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Science

Defending against infection

Immunity

Pathogens contain certain chemicals that are foreign to the body. These chemicals are called antigens. Certain white blood cells, called lymphocytes, can produce specific antibodies to kill a particular pathogen.

Antibodies

Antibodies are proteins. They can neutralise pathogens in a number of ways. For example, they can:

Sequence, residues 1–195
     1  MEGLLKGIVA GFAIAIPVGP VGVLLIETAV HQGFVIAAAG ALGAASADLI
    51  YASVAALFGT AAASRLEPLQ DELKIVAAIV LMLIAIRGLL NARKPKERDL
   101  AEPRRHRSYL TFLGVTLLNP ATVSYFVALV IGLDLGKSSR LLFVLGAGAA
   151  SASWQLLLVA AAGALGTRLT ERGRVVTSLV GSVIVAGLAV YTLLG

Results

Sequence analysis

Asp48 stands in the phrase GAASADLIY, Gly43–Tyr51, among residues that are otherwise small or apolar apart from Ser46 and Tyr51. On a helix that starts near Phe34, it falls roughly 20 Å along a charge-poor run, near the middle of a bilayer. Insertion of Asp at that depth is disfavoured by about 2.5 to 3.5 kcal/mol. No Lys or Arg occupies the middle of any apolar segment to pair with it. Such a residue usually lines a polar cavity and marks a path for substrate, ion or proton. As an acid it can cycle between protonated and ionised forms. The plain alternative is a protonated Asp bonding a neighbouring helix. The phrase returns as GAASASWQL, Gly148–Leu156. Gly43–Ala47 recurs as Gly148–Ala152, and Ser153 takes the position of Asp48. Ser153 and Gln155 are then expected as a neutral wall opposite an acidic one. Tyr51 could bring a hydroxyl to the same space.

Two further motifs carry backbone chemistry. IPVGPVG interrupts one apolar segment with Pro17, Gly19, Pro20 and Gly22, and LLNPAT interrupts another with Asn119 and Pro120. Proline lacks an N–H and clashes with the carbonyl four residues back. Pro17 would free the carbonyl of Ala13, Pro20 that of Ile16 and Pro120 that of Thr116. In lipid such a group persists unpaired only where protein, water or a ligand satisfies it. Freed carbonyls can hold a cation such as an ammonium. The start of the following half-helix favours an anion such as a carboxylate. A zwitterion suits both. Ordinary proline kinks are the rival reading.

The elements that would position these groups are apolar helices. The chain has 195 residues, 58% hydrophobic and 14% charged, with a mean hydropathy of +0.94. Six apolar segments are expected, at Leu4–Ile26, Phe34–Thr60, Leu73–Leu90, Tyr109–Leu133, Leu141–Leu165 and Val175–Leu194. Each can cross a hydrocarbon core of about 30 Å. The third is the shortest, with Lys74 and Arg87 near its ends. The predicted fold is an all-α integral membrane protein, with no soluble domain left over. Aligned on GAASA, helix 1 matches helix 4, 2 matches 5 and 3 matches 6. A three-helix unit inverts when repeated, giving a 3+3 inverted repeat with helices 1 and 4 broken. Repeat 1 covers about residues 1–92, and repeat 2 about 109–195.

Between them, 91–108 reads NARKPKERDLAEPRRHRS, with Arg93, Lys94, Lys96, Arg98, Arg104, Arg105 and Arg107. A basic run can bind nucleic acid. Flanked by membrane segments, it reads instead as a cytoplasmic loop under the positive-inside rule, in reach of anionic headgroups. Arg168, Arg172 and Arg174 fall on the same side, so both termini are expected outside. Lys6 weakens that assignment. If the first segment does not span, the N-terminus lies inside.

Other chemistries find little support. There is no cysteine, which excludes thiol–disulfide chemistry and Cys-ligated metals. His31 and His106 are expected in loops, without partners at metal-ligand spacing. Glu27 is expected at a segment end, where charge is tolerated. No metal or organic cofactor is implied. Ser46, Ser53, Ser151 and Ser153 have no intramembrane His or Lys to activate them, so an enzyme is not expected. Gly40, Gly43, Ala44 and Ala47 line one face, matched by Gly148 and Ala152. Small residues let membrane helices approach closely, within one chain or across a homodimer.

• bind to pathogens and damage or destroy them
  • coat pathogens, clumping them together so that they are easily ingested by white blood cells called phagocytes.

Each lymphocyte produces a specific type of antibody - a protein that has a chemical 'fit' to a certain antigen. When a lymphocyte with the appropriate antibody meets the antigen, the lymphocyte reproduces quickly and makes many copies of the antibody to kill the pathogen.

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